Knight the Scotsman – Andy Murray defeats Roger Federer to win gold for Great Britain
Well, it did and the ecstatic Centre Court crowd was witness to it. Andy Murray defeated the tennis legend Roger Federer to win the gold medal for Great Britain at the 2012 London Olympics. Andy Murray triumphed over the Swiss Maestro with 6-2, 6-1 and 6-4.
Andy Murray won nine successive games to take charge of the game. He also broke Roger Federer’s serve four times in a row in front of a wild home crowd. Moreover, Andy Murray erased all nine break points against Roger Federer.
This victory can be marked as a career breakthrough for Andy Murray, who lost all four of his Grand Slam finals. Some might suggest that this was an act of revenge, after all Andy Murray lost three of the four Grand Slam finals to Roger Federer, and this includes last month’s Wimbledon.
“When I look back on the match, it will be one that I’ll look at as the biggest win of my career for sure,” Andy Murray said after the match, “It’s definitely one of the best matches I played. I dealt with all the situations that were in front of me well. I have lost some tough matches. Yeah, I’ve had a lot of questions asked about me many times. I’m just glad that today I managed to put on a performance.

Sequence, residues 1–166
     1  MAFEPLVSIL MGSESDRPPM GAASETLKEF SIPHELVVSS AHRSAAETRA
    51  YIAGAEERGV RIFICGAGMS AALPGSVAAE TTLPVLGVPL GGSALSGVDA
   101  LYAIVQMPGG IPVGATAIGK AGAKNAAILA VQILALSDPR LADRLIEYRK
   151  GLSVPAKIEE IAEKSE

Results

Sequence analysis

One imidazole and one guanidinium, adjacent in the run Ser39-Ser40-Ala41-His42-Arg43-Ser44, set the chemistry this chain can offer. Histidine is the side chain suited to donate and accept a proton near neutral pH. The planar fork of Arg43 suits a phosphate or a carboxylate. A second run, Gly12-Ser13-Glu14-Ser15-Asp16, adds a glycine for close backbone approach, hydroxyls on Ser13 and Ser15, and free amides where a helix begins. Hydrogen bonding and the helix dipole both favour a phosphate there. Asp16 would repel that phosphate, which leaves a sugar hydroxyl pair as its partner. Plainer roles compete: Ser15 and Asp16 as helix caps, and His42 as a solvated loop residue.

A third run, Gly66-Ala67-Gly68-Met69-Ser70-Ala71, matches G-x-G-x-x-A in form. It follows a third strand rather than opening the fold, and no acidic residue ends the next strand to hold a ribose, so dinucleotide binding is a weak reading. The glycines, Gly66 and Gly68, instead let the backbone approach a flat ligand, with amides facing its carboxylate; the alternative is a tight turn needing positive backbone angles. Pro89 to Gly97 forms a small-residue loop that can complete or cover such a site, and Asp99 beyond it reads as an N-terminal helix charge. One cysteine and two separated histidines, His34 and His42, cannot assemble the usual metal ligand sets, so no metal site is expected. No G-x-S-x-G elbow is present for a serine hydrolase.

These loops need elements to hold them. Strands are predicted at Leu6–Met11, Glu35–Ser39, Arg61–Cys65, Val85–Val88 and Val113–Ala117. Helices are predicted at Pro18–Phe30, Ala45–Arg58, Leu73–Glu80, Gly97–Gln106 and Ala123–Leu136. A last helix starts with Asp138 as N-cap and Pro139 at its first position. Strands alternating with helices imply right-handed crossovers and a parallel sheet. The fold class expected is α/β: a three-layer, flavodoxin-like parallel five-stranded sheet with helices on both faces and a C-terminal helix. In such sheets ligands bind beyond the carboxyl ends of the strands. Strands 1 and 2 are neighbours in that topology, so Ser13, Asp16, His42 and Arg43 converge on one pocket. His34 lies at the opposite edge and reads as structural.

“I would love to win Wimbledon, for sure. But this felt good. I wouldn’t change this for anything right now. I keep my medals, my trophies, in one room in my house. This will go in front of all of them.”
The grin on the Scotsman’s face after the victory over Roger Federer suggested he knew history had been made. Andy Murray believes his victory will bring a revolution of tennis in Great Britain.
“If we can get more kids playing sport, the more chance there is of getting great champions and Olympic medalists,” Andy Murray said. “For tennis to get more kids playing, we’ll get more champions because of that. For a country of our size, we’ve done amazingly well I think so far in this Olympics.”
Andy Murray is the first Briton to win gold in men’s singles at the Olympics since Josiah Ritchie in 1908. Interestingly, Olympics took place at the Wimbledon back then too.